Ukrainian woman popularizes the Petrykivka painting style in the West

Artist Maryna Volk has been invited to various cities of the United States for her master classes in Petrikivka painting, – says Voice of America.

Lately, we often we often hear about the success of Ukrainians abroad. Not only Ukrainians but also Americans are buying paintings and decorations made by Maryna in the Petrykivka painting technique. It should be added that the girl is an amateur, she never attended art school, and studied painting on her own.

The master painter came to America five years ago. In Ukraine, she received degrees – in engineer and accountant. While studying, Maryna worked in a beauty salon where she took to painting beautiful designs on women’s nails. She even taught lessons.

“Ten years ago there wasn’t so much information on the Internet,” the artist says, “so I had no choice but to invent everything on my own – all through my own experience. I had to analyze why you see some people achieving success, and you not, and how to repair that situation.”

Actually, drawing on nails was the start of her creative career: “I realized that I didn’t want to be either an engineer or an accountant! And since I was always surrounded by creative people, I was always painting, and I had this desire to do it, so one day I recognized that this was what I wanted to do and moved completely into drawing”

Volk started making women’s jewelry using Petrykivka painting, working with designer, Lyubov Chernikova. She created accessories for her embroidered clothing collection and customer studios. In addition to earrings and bracelets, the artist began to  do Christmas decorations and pysanky (painted wooden eggs), and also created paintings and postcards.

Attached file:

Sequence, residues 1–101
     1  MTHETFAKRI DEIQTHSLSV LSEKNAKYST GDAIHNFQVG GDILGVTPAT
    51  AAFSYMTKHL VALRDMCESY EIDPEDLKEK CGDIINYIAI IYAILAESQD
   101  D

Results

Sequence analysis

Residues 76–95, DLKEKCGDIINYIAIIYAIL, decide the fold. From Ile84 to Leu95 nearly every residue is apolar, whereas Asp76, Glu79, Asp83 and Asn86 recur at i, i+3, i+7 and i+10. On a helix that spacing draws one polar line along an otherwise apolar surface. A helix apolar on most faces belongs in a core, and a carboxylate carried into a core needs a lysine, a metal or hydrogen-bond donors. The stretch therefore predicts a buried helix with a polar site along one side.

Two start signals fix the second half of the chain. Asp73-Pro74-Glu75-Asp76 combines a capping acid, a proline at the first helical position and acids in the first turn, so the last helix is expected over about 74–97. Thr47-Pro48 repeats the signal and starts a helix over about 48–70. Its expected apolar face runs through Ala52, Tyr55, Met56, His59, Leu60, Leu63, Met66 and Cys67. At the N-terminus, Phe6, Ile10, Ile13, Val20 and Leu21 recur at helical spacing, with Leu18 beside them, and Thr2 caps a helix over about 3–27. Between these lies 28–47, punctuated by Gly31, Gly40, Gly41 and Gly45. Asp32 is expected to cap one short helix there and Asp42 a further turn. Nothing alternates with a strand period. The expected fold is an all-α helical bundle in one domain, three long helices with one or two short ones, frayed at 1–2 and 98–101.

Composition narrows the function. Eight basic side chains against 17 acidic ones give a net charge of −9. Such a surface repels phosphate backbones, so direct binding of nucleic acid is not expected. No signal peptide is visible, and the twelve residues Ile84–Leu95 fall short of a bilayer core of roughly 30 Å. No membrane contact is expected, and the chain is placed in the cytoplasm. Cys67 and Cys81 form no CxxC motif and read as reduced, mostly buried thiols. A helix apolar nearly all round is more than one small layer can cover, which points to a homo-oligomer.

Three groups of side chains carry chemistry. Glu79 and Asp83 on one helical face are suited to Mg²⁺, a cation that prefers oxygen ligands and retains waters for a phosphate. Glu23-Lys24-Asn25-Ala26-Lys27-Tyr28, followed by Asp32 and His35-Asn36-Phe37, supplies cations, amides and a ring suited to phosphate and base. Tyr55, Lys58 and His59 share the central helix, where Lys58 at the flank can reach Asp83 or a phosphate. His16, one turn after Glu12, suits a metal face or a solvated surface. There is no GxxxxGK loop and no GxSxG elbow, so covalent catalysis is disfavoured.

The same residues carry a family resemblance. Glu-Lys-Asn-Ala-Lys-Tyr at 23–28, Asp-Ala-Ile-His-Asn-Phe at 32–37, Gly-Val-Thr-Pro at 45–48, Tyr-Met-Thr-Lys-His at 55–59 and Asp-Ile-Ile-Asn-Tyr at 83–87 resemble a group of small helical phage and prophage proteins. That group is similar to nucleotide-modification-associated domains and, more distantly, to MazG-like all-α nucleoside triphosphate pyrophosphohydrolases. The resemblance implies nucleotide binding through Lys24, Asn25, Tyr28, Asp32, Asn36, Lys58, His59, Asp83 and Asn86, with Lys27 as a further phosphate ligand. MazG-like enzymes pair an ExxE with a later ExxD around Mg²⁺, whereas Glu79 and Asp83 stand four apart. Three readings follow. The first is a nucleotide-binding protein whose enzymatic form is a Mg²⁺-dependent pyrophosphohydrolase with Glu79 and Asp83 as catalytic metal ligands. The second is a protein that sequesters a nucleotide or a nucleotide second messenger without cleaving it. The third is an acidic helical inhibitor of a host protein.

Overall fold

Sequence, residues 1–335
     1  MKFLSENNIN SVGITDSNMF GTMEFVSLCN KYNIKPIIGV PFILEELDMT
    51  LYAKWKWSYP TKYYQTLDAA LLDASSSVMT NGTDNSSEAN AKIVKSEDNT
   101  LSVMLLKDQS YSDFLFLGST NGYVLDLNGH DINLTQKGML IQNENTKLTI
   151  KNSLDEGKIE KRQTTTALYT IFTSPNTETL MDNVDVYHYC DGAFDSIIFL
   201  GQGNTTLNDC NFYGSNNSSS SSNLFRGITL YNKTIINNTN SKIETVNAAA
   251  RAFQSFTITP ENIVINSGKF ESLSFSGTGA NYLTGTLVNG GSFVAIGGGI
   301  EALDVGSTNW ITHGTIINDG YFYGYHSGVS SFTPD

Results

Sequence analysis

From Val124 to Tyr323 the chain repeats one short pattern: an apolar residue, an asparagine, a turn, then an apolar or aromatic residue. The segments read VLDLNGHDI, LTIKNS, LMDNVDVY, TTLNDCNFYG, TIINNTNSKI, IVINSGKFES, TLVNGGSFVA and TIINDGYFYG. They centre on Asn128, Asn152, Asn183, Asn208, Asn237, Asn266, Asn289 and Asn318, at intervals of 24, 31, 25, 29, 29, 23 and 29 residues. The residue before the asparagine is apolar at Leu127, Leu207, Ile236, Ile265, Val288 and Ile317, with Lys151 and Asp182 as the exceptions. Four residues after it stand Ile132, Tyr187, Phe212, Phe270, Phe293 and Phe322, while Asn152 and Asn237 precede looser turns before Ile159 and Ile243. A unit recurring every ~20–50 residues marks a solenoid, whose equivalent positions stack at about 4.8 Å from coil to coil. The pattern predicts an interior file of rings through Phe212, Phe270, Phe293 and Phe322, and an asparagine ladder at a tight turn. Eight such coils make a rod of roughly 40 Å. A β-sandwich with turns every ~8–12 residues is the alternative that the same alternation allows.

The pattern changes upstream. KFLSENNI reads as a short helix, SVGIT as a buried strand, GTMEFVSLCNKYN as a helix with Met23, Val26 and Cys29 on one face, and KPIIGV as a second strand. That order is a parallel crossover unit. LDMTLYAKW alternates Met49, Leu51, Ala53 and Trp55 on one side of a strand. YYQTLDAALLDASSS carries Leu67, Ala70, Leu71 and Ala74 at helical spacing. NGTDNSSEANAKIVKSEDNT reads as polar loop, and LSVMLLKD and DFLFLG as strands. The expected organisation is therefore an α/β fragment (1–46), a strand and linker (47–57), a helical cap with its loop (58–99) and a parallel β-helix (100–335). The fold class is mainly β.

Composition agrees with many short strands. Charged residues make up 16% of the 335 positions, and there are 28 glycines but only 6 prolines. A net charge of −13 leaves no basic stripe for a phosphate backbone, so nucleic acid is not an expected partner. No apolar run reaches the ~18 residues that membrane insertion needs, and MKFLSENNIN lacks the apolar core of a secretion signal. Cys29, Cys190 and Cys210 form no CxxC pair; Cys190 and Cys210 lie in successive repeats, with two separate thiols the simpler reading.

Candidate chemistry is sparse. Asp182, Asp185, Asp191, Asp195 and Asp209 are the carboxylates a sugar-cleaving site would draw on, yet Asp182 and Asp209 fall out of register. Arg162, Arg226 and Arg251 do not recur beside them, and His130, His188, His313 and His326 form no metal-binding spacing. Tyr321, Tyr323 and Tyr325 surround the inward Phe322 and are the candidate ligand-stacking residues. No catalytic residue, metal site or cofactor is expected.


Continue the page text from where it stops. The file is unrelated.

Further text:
And she was convinced that anyone could learn to draw in this technique:

“This is folk painting. I think that anyone can grasp it – it’s in our blood: people drew, nobody actually taught them, tradition was passed from mother to daughter, from grandmother to granddaughter, nobody told me that it would be difficult, so I sat down, began to paint and fell in love with it”.

Now Maryna travels to the States, conducting Petrykivka painting workshops in Austin, Houston, Seattle, New York, and Stamford. The master gets a lot of positive reviews and new invitations. The fact that she doesn’t have a formal artistic education gives her advantages: learning painting independently, Marina not only convincingly says that the style is within everyone’s power to master, but she also provides her own recipe for how to do it.

“I know how to tell people about Petrykivka painting, because I worked very hard to understand how to do it,” the artist remarks. “I have been drawing for my whole life and I tried to understand how to do it my whole life.”

People were very interested in her creativity, and she decided to share her skills with others.

Her lessons start with the beginnings – showing students how to properly hold the brush in hand, and to pick up the consistency of colors. Students do exercises, and Marina comes around to everyone. By the end of the master class, everyone is ready to draw their own picture.

The artist tries to share her creativity with her students:

“In traditional classes, we are taught to use logic – the classical school develops logical thinking, so often people are simply afraid to use the creative part of their brain. Drawing in general is very useful, because it makes the brain work in a more complex way, and your blood circulates better.”

Marina dispels the myths about Petrykivka painting, and this causes a positive reaction to the locals:

“People are always very pleasantly surprised when I tell them that it is from Ukraine, and I explain how it came to be, and how it differs from other types of folk art in Eastern Europe. Americans like new things, different cultures – so they are always delighted “

A need to get deeper into Ukrainian culture and traditions is expressed by both  Ukrainians themselves, and  those whose ancestors came from Ukraine.